This amendment, which was introduced as advised, is described in the following way in the Judgment at paragraph 34:
On 1 July 2020, in line with recommendations in the seventh submission, the Chancellor made a further direction (the “Second Direction”), to introduce a second round of grants under the Scheme (this time based on three months’ worth of 70% of average monthly trading profits), with applications opening on 17 August 2020 and closing on 19 October 2020. The Second Direction extended the Scheme to two specific groups who had not originally been eligible: military reservists who had been on military service in 2018/19 and persons who had not qualified because of the effects of pregnancy, maternity or childcare in 2018/19 (meaning that they had not filed self-assessment tax returns for 2018/19 or had not met the profits condition for that year). The method of calculating the benefit for those who had become parents in 2018/19 required the submission of alternative evidence to support the claim, in the manner described by Mr Hacon in his witness statement (see paragraph 23 above).
The evidence given by Mr Hacon summarised at paragraph 23 in the Judgment is also important:
Mr Hacon described the varied process used for 2018/19 parents, who become eligible under the Second Direction. There were only around 421 claims from this group, although HMRC thought that the group itself might have comprised as many as 10,000. Each claim from this group was risk assessed (an automated process), but any claims which were considered high risk had to be subject to a manual verification process. The information required from these claimants was different and more extensive, and their claims took longer to complete.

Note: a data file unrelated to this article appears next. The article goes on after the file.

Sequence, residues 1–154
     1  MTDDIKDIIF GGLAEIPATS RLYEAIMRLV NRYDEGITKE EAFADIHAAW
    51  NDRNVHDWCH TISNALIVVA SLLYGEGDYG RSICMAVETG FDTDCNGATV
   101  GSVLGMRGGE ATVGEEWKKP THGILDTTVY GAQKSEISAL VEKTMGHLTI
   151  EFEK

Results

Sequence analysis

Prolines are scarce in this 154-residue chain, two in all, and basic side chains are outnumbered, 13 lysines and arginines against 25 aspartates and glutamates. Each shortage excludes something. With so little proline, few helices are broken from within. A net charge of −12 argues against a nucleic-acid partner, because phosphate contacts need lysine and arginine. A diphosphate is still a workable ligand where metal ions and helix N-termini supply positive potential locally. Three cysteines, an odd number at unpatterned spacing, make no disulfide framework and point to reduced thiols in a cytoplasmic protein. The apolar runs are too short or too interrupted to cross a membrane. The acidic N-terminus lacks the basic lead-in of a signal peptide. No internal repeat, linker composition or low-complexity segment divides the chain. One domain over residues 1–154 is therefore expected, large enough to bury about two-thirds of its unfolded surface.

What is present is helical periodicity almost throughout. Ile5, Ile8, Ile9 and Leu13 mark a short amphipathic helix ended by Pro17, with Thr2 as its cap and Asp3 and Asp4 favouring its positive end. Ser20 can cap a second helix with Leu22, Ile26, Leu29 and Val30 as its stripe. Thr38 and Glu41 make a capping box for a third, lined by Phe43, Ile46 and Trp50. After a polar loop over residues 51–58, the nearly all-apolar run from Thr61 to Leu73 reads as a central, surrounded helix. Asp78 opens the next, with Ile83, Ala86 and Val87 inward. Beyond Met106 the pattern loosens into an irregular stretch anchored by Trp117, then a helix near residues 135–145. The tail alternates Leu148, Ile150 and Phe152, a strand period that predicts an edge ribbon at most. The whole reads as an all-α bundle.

This amendment to the SEISS scheme was absolutely called for and would have ensured that no discrimination arose in relation to eligibility as initially feared. To the extent – and it is not entirely clear from the judgment – women on maternity leave were rejected under the first scheme but then accepted under the second scheme, they have likely experienced discrimination since the grants under the second scheme were less generous than the first.
Despite the amendment to the scheme in July 2020, the Defendants argued that maternity leave could not be taken into account when determining the level of grant awarded to women who returned from maternity leave (paragraph 75). They argued that introducing an additional manual process in relation to the level of the award would lead to cost and delay and that a “more sophisticated IT system” would be required (paragraph 76). There does not appear to have been explanation as to why a manual scheme could work when it came to eligibility but not the level of the grant.